Now that the basic drawing is mostly done, there’s only one problem left: it looks a bit flat!

Using weight variances in lineart can really help exaggerate or define shapes. Of course, if you plan on adding weight to your drawing by doing detailed shading or painting it, you might not need the variances in the lineart itself. It’s up to you to decide what kind of style you’re going for!

But for now, let’s assume that we are doing a simple, flat colored piece and that we do want the weight variances. It’s not always easy to get this right when you first ink, so it’s a good thing that with vector layers, we can go back in and adjust the line weight using the “Correct Line Width” tool.

There’s a bunch of different settings available here again, so let’s look at them in detail.

“Thicken” and “Scale up width” are pretty much the same option and make your lineart look thicker. The main difference, as I’ve found it to be is that “thicken” uses the point value as you might find in a brush size, whereas “scale up” uses a percentage value based off of the lineart you are applying the tool to.

“Narrow” and “Scale down width” are the exact inverse of the other two options and make your lineart look thinner.

“Fix width” is different in that it helps you set a certain lineart size and immediately adjust your drawing to that. This option will also remove all existing line weight variances. If you want a uniform lineart width, this is going to be a very useful option for you!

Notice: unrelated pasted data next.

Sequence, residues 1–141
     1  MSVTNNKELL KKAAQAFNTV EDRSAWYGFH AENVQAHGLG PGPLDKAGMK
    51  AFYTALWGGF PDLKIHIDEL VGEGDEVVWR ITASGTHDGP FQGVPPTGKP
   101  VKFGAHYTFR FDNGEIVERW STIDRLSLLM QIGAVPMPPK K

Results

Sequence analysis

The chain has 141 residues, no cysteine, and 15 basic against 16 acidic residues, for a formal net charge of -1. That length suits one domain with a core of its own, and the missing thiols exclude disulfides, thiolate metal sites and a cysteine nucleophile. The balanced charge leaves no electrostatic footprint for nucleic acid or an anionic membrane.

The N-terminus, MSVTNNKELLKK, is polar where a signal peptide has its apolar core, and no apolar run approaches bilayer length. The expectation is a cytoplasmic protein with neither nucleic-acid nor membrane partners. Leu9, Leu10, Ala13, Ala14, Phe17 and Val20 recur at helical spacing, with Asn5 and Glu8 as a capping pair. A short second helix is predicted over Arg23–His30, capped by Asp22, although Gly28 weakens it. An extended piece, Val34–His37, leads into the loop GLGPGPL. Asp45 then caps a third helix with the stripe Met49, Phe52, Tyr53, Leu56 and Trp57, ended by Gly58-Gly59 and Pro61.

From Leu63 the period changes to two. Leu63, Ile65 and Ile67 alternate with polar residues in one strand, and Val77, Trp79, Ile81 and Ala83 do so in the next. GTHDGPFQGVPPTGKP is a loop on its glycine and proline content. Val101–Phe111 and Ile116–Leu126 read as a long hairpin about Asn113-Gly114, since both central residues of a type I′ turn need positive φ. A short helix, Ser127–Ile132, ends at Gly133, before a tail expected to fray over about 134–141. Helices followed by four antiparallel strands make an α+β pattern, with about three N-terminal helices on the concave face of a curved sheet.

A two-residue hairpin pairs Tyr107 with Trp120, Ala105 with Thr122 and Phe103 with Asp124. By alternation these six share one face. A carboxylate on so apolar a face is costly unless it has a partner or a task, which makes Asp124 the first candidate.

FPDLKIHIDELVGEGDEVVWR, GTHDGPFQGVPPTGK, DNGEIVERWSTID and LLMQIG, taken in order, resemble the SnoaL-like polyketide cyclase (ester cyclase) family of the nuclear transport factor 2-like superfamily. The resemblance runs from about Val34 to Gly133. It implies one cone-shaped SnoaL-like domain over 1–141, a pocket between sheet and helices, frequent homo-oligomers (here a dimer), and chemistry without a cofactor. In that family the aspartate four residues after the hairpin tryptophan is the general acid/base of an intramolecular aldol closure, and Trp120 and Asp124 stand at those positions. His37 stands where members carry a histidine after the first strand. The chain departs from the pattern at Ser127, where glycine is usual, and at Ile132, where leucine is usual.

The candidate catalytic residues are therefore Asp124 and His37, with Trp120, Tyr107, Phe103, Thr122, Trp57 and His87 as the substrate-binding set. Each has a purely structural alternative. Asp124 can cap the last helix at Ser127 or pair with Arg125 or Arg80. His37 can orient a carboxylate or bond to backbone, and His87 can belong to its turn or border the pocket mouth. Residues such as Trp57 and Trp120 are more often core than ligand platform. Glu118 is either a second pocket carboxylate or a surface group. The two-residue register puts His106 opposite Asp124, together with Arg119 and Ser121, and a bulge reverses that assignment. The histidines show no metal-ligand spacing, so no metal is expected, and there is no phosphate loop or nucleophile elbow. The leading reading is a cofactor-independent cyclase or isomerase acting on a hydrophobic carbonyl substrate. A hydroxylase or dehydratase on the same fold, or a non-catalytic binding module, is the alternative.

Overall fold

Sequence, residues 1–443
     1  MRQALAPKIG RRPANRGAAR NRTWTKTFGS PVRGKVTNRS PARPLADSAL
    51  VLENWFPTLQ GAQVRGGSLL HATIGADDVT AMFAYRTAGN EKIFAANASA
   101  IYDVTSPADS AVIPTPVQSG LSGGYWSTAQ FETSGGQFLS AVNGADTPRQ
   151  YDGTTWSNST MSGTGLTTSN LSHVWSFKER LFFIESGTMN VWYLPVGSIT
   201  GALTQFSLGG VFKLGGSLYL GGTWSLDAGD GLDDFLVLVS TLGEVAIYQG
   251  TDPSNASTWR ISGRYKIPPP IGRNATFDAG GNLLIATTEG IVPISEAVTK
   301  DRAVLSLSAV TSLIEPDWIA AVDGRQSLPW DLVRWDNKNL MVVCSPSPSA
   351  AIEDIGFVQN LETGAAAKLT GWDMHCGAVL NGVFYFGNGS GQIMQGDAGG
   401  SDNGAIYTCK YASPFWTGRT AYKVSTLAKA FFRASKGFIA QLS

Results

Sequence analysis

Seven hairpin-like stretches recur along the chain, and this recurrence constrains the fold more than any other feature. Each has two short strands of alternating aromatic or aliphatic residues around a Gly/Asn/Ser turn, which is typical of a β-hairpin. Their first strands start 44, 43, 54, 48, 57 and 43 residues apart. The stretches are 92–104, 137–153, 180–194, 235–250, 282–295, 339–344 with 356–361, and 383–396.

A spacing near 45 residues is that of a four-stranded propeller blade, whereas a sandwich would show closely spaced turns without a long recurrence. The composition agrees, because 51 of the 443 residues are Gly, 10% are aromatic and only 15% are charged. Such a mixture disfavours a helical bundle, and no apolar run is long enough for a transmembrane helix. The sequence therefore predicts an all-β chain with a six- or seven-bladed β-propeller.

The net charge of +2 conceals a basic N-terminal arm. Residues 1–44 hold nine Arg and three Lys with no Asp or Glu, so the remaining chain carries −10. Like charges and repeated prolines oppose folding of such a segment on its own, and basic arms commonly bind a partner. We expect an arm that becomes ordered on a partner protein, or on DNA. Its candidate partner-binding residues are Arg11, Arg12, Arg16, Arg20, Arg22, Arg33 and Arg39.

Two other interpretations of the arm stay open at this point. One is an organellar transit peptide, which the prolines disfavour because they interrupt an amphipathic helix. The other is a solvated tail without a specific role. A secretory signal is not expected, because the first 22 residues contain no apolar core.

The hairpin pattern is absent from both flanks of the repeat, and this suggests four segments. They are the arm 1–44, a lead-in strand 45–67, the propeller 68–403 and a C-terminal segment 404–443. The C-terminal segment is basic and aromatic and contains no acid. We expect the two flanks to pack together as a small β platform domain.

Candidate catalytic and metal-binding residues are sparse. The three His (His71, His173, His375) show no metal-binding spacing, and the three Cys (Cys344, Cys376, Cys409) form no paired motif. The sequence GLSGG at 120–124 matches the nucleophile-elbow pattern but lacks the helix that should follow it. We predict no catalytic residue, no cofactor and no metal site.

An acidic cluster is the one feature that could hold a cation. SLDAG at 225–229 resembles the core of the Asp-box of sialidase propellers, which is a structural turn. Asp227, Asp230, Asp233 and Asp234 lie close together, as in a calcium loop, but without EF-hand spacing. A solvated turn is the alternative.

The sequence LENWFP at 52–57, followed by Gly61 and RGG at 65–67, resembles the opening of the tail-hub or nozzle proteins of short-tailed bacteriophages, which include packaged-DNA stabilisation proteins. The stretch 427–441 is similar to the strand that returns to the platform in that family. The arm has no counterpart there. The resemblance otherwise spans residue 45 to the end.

You can combine all of these methods with the “Process whole line” option, which does exactly what you might assume it does. Rather than adjusting sections of a line that you might be applying the tool to, it applies the tool to the entire line. This ignores intersections, unlike the Vector Eraser!

You can, of course, also adjust the brush size of this tool so that you can either work in detail or apply the settings to your entire drawing.

An alternative way of adjusting the line weight of your drawing after it’s done is by going back to the “Object” tool. Click and drag to select your entire drawing (or whatever portion of the drawing you want to adjust). Now, you can adjust the base brush size value in the “Tool property” window. This is a bit faster than using “Thicken” and “Narrow” over and over again, and compared to using “Fix width”, it retains existing line weight variances.

This is what the lineart looked like once I adjusted the weight:

You’ll find that it isn’t the most dramatic difference, and that’s okay! It doesn’t always need to be. Here’s what I changed, and why:

• I thickened the line weight of the hair and the hands to give them a bit more volume

• I thinned out the line weight of the bottom of the head to connect it more to the body

• I evened out the line weight of the arms to make it appear more unified

• I thinned out the line weight of the clothing details to have them be less distracting from the character silhouette.

There’s multiple ways to do so. The first one we’re gonna look at is the “Layer Property” > “Effect” > “Layer Color” option.

This gives your entire layer a uniform color. You can either define this color by clicking in the color field, which opens a color picker, or you can apply your currently active color by clicking the fill bucket icon.

What’s interesting about this option is that it recognizes the brightness values of your lineart. So, if for instance, you drew your lineart in shades of gray, or maybe even in color, once you apply this option, your lineart is now going to be uniformly colored, but in different shades of the color you picked.

In drawing comics, I often use the “Layer Color” option, and I like giving a darker layer color to my characters and a brighter layer color to my backgrounds, to make the characters pop more.